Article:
• lastly: i never thought i'd actively search for a website called cheese.com, much less actually spend time reading it, much less find its contents fascinating. and yet: here i am.



reims and troyes are old, very old, old enough that i found mention of both in first few chapters of the book i selected for my flight home -- crown and country(david starkey, who has recently been in the news for being a "dyspeptic television personality" of a historian who advocates britain's inherent britishness; this book hits you over the head with that belief).

this is reims part ii, in which i do visit the cathedral notre-dame de reims (along with two others + a basilica), and in which i also eat a single shining macaron from la petite friande. this particular macaron is called "stade de reims," and sports the colors of a) the local soccer team and b) the famous biscuits roses of the city. it is, according to my host sister, the best macaron in the world. i don't disagree! however, i've only eaten two macarons total.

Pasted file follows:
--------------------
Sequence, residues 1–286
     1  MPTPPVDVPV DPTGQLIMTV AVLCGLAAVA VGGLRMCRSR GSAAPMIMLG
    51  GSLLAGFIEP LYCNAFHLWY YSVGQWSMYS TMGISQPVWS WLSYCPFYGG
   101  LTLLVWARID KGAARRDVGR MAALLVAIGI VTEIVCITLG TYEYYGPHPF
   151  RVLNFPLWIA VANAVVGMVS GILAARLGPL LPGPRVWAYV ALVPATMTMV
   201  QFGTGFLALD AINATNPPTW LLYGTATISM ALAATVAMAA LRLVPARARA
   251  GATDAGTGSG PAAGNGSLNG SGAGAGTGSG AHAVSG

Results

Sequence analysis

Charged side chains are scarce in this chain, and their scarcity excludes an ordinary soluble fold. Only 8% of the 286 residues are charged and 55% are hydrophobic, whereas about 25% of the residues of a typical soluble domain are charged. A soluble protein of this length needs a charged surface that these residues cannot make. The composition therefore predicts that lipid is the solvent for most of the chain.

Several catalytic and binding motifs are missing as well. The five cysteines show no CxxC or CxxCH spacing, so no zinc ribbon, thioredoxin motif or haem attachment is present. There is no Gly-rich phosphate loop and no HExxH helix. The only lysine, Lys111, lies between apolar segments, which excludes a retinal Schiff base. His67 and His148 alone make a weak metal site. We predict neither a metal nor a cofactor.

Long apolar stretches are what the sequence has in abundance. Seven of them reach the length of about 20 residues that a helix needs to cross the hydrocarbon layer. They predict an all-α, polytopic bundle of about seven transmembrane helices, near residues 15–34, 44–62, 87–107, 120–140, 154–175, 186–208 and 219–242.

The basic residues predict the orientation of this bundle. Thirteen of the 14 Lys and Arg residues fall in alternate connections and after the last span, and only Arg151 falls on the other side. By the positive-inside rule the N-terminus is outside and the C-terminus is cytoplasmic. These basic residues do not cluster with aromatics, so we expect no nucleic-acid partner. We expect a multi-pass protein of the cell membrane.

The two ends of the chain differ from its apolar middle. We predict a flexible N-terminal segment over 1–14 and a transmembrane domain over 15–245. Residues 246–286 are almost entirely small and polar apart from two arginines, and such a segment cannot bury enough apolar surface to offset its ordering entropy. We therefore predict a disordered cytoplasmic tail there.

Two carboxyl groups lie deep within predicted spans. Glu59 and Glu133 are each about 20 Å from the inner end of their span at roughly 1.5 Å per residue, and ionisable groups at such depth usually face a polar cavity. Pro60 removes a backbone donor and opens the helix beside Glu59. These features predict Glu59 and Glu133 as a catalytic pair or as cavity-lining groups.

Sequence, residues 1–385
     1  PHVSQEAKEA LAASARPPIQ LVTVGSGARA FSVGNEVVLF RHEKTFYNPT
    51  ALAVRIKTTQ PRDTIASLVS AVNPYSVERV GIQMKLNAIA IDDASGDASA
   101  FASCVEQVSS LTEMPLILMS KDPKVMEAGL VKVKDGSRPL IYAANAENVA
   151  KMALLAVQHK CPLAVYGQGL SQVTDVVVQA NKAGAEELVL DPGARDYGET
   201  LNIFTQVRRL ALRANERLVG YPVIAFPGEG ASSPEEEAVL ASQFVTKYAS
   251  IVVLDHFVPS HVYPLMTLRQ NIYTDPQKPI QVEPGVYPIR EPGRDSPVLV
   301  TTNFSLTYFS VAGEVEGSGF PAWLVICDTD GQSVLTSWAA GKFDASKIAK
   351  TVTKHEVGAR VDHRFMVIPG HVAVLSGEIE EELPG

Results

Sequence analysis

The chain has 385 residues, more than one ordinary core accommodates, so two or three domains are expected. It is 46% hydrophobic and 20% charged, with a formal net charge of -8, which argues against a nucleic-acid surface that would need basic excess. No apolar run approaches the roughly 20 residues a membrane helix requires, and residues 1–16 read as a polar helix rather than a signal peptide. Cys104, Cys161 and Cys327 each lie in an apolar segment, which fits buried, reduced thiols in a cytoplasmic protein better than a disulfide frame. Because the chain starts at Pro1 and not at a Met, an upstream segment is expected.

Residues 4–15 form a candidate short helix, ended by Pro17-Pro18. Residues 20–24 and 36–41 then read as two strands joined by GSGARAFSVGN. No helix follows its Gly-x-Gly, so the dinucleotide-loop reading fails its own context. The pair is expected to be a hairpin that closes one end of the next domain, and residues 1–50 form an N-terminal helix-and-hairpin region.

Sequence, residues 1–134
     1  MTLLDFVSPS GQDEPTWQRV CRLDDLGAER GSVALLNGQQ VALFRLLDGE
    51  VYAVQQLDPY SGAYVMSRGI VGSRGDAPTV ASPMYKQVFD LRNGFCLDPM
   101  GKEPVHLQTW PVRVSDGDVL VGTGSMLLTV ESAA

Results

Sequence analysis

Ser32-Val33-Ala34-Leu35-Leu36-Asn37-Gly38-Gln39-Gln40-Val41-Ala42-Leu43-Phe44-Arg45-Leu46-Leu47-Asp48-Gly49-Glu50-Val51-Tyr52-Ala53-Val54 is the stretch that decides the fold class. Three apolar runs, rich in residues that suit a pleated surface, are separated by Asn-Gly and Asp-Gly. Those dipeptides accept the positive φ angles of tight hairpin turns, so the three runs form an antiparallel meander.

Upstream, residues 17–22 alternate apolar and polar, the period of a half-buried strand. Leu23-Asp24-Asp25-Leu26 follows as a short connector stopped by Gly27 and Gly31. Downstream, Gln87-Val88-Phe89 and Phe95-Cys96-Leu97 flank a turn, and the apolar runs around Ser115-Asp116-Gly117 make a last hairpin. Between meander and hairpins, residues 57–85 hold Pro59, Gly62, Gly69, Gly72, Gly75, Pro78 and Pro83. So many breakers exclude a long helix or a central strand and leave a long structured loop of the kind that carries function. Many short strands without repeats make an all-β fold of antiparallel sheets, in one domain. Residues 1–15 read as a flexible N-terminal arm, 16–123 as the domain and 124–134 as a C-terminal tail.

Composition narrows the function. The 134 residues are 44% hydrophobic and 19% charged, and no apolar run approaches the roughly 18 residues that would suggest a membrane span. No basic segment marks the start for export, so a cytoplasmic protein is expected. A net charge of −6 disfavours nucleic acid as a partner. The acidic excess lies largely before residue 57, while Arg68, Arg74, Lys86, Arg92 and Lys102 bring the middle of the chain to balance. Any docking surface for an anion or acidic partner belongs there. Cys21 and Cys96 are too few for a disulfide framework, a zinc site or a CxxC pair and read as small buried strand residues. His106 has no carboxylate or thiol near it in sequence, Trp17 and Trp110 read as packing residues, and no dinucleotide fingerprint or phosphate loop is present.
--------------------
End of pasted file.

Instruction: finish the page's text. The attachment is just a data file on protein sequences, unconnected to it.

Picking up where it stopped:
*it was starkey or a biography of john lennon. looking for sheer length, i failed to take into account that historical surveys of royals (and exclusively royals) are hopelessly dry, william the conqueror's bursting bowels notwithstanding. howard zinn, this is not.

read on for history + photos


for your health

or, six things i by-hearted (roughly translated, here) from the health advisories on french television, posters, and billboards -- while i wasn't even paying attention!
  • eat at least five fruits and vegetables per day
  • avoid snacking between meals
  • avoid eating a diet too high in sugar, fat, or salt
  • eat three dairy products per day
  • practice a physical activity regularly
  • water is the one essential drink -- even more so than milk


reims rhymes

a selection of words that nearly fit the bill, when pronounced with the slightest hint of an english accent: chance, dance, enhance, expanse, finance, france, glance, lance, perchance, prance, romance, stance, trance.

as french follows its rules much more closely than english does, i used to think that i had french pronunciation down. that only lasted until i arrived in champagne and was confronted with... rhymes? reams? romes? this is a common question asked by anglophones on the internet, it seems. we like to imagine that the title of this post would rhyme.